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how do healthcare workers protect themselves from ebola

Healthcare providers caring for a person with Ebola and the family and friends in close contact with the person with Ebola are at the highest risk of getting sick because they may come in contact with the blood or body fluids of the sick person. The Ebola virus also can be spread through contact with objects (like clothes, bedding, needles, syringes/sharps and medical equipment) that have been contaminated with the virus.

During outbreaks of Ebola, the disease can spread quickly within healthcare settings (such as a clinic or hospital) where staff are not wearing appropriate protective equipment, including masks, gowns, and gloves and eye protection.

During outbreaks of Ebola, the disease can spread quickly within healthcare settings (such as a clinic or hospital) where staff are not wearing appropriate protective equipment, including masks, gowns, and gloves and eye protection.

Dedicated medical equipment (preferably disposable, when possible) should be used by healthcare personnel providing care. Proper cleaning and disposal of instruments, such as needles and syringes, is also important. If instruments are not disposable, they must be sterilized before being used again. Without adequate sterilization of the instruments, Ebola virus transmission can continue and amplify an outbreak.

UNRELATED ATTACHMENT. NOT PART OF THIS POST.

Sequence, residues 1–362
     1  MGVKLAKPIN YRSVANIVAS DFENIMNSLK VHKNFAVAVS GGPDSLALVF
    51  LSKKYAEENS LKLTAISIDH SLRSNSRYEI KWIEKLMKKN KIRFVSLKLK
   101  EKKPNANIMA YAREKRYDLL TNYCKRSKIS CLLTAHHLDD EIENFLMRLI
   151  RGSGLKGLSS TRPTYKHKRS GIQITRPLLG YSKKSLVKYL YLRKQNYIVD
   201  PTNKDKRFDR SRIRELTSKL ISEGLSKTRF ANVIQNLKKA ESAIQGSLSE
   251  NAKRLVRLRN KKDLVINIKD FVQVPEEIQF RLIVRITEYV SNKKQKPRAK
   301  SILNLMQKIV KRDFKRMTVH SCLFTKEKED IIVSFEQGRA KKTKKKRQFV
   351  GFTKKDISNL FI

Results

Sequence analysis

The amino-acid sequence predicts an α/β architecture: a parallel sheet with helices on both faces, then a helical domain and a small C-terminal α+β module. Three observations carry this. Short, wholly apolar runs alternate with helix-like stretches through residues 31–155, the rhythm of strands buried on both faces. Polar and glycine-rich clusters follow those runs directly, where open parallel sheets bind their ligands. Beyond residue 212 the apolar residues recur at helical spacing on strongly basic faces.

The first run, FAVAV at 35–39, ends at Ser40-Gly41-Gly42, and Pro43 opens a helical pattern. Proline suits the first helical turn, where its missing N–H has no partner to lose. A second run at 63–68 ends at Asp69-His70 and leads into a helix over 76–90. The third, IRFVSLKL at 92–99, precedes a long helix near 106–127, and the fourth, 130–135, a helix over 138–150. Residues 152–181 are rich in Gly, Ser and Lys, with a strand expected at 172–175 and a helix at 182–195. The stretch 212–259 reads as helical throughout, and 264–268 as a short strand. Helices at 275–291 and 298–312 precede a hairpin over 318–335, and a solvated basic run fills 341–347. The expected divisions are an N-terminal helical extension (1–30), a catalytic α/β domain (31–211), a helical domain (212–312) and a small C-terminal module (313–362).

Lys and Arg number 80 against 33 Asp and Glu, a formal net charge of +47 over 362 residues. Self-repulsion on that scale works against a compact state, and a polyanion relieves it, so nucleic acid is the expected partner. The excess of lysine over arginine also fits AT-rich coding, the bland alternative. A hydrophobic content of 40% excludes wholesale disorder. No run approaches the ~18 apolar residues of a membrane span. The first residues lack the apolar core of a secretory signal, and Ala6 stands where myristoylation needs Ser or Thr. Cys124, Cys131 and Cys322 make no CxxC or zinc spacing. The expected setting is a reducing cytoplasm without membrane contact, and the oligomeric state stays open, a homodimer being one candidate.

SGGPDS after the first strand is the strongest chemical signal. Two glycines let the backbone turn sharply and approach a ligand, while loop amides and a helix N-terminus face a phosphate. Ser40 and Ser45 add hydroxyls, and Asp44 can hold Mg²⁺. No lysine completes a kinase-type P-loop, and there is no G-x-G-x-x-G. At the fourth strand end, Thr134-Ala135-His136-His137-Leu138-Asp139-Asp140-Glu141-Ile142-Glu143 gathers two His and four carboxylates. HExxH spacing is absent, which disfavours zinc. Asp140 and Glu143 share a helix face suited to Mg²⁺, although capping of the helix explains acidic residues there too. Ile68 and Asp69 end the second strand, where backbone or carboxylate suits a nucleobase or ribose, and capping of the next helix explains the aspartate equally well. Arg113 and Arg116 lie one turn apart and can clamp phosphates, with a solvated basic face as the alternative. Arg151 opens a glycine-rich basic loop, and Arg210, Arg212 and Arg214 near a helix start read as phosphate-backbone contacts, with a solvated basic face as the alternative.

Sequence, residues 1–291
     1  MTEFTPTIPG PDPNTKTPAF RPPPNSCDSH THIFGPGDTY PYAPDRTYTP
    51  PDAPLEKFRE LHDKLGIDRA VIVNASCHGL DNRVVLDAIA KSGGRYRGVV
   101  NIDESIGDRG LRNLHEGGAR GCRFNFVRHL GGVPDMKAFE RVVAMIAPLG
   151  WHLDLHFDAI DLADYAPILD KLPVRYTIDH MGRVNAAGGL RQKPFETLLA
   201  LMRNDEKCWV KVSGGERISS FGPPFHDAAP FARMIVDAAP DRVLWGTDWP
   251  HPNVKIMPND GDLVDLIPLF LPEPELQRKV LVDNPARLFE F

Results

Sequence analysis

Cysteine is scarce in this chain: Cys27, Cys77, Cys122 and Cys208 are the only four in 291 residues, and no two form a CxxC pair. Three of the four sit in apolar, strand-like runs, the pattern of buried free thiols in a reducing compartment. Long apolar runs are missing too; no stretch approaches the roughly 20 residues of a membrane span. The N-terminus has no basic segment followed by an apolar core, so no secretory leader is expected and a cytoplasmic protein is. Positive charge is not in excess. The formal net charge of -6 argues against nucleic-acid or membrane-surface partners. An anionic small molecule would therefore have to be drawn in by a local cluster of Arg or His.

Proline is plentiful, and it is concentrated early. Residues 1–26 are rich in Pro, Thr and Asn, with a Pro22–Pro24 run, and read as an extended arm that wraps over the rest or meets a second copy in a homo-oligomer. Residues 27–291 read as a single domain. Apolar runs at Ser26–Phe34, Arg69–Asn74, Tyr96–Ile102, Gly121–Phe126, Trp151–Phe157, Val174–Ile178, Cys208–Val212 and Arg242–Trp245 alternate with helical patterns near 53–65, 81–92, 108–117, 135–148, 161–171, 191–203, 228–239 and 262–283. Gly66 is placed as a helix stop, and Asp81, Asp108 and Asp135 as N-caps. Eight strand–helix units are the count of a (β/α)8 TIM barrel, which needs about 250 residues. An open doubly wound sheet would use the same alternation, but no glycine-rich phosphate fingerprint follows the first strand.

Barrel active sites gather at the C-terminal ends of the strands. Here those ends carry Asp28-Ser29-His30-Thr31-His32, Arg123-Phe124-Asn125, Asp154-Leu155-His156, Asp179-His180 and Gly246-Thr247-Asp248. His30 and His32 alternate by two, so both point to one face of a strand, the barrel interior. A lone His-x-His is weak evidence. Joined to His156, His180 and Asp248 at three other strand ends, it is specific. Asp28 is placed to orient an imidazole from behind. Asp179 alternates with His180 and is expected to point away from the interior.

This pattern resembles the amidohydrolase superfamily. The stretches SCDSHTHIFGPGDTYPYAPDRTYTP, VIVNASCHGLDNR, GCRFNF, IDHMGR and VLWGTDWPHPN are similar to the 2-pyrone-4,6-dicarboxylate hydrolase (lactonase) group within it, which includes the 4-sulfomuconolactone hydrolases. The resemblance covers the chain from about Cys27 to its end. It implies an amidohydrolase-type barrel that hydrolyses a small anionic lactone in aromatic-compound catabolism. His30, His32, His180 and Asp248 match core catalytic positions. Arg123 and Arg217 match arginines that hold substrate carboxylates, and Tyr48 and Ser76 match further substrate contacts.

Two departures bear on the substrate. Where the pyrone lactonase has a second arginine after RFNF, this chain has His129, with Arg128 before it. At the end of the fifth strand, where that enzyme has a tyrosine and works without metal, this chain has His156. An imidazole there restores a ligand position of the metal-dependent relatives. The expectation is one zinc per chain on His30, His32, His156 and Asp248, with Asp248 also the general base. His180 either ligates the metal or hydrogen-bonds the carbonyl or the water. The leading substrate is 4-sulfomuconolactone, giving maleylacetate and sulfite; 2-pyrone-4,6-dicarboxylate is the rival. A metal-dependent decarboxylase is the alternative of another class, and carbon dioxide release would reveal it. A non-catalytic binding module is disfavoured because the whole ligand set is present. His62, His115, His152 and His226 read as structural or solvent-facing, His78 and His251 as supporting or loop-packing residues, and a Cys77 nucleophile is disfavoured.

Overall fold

Healthcare workers who may be exposed to people with Ebola should follow these steps:
Wear protective clothing, including masks, gloves, gowns and eye protection.
Practice proper infection control and sterilization measures.
Isolate people with Ebola from other people.
Avoid direct contact with the bodies of people who have died from Ebola.
Notify health officials if you have had direct contact with the blood or body fluids, such as but not limited to, feces, saliva, urine, vomit and semen of a person who is sick with Ebola. The virus can enter the body through broken skin or unprotected mucous membranes in, for example, the eyes, nose or mouth.